Below, an article from my friend Steve Roller about…

Drum roll…


In case you haven’t noticed, I talk a lot about copywriting.

I think a lot about copywriting.

Even if you’re not a copywriter, you should be paying attention.

Because the most successful business owners and I know understand copywriting and persuasion. They understand “sales multiplied” marketing and advertising.

They may not write every sales letter…

Or put together every promotion…

But they understand the value of good copy…

What it looks like…

What it feels like…

And if they had to — when pressed — they could sit down and write a solid ad or sales letter for their own product.

And in a way, they’d even have an advantage over most working copywriters…

Because most working copywriters don’t even understand what they’re supposed to be or do!

Here’s a little dirty truth about our industry…

A lot of us got into it (including ME!) because we were writers first, and we wanted to make a good living with our writing.

Heck, I first heard about copywriting from a book called The Well-Fed Writer.

AWAI sells their copywriting programs on the chance to “Live the Writer’s Life!”

But the single-best thing we can do is to STOP thinking of ourselves as writers…

Because — at least when it comes to GOOD, WELL-PAID copywriters — we’re much more than that. (My thoughts on this after the article.)

Take it away, Steve…

Copywriters aren’t wordsmiths

I once said, “I string words together that impact others’ lives. What could be better?”

Is it really about stringing words together in the right way and being a “wordsmith”?

That’s one level, and you can make a decent living if you consider yourself a wordsmith first and foremost.

But I think it goes deeper. Much deeper.

As copywriters, we’re more than simply wordsmiths, weaving words into appealing messages that get people to act.

You and I are a combination of private detective, psychologist, researcher, salesperson, presenter, marketing strategist, and yes, writer.

People often ask me what it takes to succeed in this business. Within a 15-minute conversation, I can usually tell if they’re a good fit, and whether they’ll do really well or just average.

In a future post, I’ll share the exact questions I’ve started asking aspiring copywriting rock stars.

For now, I’d say if you possess some of these characteristics, you’re in the right business.

A good copywriter …

  • Is fascinated by human nature
  • Has a strong desire to understand people and why they do the things they do
  • Asks the right questions
  • Listens well
  • Is good at anticipating questions and objections
  • Loves people
  • Isn’t afraid to be vulnerable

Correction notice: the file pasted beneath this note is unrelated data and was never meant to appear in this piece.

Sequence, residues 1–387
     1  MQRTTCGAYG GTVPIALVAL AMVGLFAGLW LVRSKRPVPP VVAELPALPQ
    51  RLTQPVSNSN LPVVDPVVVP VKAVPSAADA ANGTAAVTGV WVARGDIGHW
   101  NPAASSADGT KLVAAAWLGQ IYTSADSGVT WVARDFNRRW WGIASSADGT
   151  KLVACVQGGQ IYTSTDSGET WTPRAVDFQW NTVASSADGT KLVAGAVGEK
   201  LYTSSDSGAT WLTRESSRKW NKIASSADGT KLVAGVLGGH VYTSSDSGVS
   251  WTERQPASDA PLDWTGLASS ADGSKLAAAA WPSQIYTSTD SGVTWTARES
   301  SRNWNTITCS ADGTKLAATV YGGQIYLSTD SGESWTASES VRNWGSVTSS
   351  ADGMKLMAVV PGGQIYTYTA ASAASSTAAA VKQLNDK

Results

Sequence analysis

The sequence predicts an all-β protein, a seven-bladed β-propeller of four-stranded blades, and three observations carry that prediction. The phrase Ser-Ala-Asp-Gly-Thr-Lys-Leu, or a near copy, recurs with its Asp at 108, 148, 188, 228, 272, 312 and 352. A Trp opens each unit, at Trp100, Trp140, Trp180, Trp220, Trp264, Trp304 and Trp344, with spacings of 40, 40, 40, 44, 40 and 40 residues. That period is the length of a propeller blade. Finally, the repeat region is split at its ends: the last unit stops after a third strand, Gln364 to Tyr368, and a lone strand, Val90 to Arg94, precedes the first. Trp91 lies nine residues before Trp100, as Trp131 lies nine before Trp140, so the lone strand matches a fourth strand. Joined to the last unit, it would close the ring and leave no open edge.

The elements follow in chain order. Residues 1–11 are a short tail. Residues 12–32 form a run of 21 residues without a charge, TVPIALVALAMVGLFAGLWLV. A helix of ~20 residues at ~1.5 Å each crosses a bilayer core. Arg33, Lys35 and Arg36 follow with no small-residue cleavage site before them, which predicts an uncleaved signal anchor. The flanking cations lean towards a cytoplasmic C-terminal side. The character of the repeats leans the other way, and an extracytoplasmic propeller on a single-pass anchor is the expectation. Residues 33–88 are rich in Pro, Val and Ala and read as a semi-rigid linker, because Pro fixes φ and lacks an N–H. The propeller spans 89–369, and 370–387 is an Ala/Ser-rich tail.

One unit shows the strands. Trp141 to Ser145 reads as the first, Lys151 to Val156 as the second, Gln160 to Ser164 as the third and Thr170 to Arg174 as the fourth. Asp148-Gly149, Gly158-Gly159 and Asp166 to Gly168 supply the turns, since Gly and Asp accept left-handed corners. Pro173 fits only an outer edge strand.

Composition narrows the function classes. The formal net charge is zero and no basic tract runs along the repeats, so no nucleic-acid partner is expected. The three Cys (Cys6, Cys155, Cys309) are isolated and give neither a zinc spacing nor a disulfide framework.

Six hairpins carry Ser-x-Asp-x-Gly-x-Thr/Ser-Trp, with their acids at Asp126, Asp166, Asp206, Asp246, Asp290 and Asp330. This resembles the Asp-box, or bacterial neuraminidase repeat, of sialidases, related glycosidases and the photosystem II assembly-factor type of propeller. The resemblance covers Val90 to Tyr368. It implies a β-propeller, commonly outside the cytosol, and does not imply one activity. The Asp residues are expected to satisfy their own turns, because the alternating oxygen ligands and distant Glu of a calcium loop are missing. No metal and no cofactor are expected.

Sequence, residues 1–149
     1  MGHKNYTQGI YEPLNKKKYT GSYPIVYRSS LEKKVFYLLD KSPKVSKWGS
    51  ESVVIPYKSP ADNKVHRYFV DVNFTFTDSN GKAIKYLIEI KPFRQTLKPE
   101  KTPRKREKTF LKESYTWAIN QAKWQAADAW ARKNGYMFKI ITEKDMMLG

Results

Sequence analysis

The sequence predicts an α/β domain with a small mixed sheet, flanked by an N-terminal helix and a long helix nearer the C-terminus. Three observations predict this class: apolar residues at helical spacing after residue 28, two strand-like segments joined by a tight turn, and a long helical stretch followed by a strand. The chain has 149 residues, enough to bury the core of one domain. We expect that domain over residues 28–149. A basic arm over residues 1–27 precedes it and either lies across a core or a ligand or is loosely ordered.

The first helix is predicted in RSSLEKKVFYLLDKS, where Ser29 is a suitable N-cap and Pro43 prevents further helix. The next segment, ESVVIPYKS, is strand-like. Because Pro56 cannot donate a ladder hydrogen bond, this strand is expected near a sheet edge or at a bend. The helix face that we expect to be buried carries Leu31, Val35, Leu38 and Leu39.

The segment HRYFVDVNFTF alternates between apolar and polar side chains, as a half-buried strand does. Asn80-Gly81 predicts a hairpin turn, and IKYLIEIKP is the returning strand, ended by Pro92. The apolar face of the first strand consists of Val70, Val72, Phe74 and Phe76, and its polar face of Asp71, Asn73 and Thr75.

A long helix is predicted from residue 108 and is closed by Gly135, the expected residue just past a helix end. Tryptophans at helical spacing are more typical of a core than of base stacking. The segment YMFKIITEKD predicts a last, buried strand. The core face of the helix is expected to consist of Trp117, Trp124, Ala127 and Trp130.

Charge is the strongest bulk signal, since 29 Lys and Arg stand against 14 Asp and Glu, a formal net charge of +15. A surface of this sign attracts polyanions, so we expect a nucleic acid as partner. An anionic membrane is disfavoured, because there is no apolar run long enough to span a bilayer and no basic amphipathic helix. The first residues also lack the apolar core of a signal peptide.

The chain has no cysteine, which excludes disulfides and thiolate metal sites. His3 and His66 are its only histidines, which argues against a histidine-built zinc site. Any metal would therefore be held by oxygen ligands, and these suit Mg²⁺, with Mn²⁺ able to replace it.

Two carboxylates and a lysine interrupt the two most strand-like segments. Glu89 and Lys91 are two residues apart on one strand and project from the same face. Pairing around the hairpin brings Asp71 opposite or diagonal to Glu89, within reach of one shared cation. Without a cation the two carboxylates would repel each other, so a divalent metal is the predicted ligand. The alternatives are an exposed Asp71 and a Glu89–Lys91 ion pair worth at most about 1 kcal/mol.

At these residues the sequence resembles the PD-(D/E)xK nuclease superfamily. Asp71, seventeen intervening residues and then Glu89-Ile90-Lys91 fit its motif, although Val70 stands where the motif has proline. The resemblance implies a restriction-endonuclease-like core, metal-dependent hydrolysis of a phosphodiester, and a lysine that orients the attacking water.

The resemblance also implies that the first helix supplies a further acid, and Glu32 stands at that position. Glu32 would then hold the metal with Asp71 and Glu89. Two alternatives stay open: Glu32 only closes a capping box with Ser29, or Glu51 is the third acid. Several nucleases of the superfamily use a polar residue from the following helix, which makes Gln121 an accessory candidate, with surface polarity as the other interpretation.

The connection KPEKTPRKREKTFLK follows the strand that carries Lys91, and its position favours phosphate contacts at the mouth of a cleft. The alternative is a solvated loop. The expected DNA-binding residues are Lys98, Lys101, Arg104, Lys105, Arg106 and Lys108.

• Would make a good private detective (and secretly wants to be)
  • Knows how to lead a conversation
  • Makes an interesting guest at a cocktail party
  • Knows how to sell, or is willing to learn (as much as some people don’t like that word, it’s the essence of what we do)
  • Could give a good eulogy for a friend (I’ll explain this in a future post)
  • Understands the dark side of human nature, but looks for the brighter side
  • Gets emotional occasionally
  • Generates ideas without waiting for a specific “assignment”
  • Can crawl inside someone’s head and see things from their perspective
  • Appeals to the emotions of others
  • Is pleasant to hang out with
  • Reads more than most people

Legendary ad man David Ogilvy said that the hallmarks of a potentially successful copywriter include:

  • Obsessive curiosity about products, people, and advertising
  • A sense of humor
  • A habit of hard work

Do you need all of these things? No, but the best copywriters I know seem to have most of them.

And, of course, you still have to take your ideas, craft the right message to the right audience, and get them to act. You need to get good at the art of copywriting.

Did I leave anything out? Which ones do you think are most important? I’d love to hear from you. Leave me a quick note here, please, and I’ll address this again in part II, “Copywriters Aren’t Just Wordsmiths.”

steve-rollerSteve Roller is a direct response copywriter, world traveler (30 countries and five continents so far), marketing strategist, and professional speaker. He is also a personal trainer to aspiring copywriting rock stars. Steve offers one-on-one and group training, professional copy critiques, and the Ultimate Writing Retreat™.  Read More…

You can leave your comment on Steve Roller’s Copywriter Café blog here.  (And if you’re a copywriter looking to jump-start your career, it’s worth following everything Steve is doing!)

But I want to highlight the ONE point Steve made that’s most important, in my humble opinion…

Whether you’re competing in the “Big Leagues” of direct response…

Or even just trying to craft a compelling blog post that gets action…

And this is the big advantage a business owner has over 95%+ of copywriters they might hire…

They know how to sell their products or services!

If you can’t sell — if you can’t persuade — if you can’t get your reader to take action as a result of reading your words…

Then you may have a career as a WRITER… And I wish you the best!

But if you want to be a COPY-WRITER… You have to sell.

And the better you are at all of that (most of the points from Steve’s article help you be a better salesperson), the more successful you’ll be as a copywriter.

Yours for bigger breakthroughs,

Roy Furr

Editor, Breakthrough Marketing Secrets